This is the third of a series of three posts on open source software. The discussion is geared towards non-programmers who – more frequently than expected – becomes involved in an open-source project.
Open-source is a complex paradigm, but sometimes it is also thrown into an academic abstract or grant proposal without much thought. Previously I presented a basic description of open-source and discussed some common misconceptions about OS software.
If you were involved in an open-source project as the clinical expert (i.e. not the programmer), you are likely the team member best positioned to bridge this gap. This post focuses on how you are uniquely positioned to contribute. Continue reading
This is the second of a series of three discussing open source software for non-programmers interested in informatics.
A previous post discusses what you can expect from a software project when it is “open source.” However, the concept of OS is not so clear cut.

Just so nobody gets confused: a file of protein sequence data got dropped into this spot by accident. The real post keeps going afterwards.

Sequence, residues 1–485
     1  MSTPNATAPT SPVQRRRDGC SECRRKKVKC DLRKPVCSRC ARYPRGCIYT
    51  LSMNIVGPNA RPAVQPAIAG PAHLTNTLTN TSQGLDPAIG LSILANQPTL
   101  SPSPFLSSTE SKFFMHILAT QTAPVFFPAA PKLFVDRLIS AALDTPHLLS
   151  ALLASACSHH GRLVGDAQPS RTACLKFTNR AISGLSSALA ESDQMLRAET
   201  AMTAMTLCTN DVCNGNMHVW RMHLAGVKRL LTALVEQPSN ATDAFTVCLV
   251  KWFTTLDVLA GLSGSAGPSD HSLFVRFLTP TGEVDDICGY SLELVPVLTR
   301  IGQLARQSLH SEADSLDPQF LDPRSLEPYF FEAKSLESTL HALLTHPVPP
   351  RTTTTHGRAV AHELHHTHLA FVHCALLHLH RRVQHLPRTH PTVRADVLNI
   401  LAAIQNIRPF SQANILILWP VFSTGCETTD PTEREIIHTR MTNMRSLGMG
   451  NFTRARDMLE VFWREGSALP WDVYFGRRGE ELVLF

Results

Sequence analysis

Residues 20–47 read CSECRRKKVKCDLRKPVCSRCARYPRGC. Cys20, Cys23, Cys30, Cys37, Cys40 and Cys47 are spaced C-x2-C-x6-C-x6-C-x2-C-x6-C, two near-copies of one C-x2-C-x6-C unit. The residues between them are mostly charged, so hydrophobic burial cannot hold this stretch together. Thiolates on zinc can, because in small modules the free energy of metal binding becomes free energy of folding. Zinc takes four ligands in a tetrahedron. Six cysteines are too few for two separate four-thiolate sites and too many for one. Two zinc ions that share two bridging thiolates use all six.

This post aims to clarify five commonly held beliefs about open source.
This is the first of a series of three discussing open source software for non-programmers interested in informatics. I try to stay as accurate as possible while avoiding jargon.
Open source (OS) has been a popular phrase not only in software engineering but also in radiology. Open source is closely tied to DICOM, the most popular format in medical imaging, in part because many frameworks available to manipulate DICOM files are open source.
A thorough discussion on OS is available here. If you are more into an abbreviated 3-minute introduction, stick around.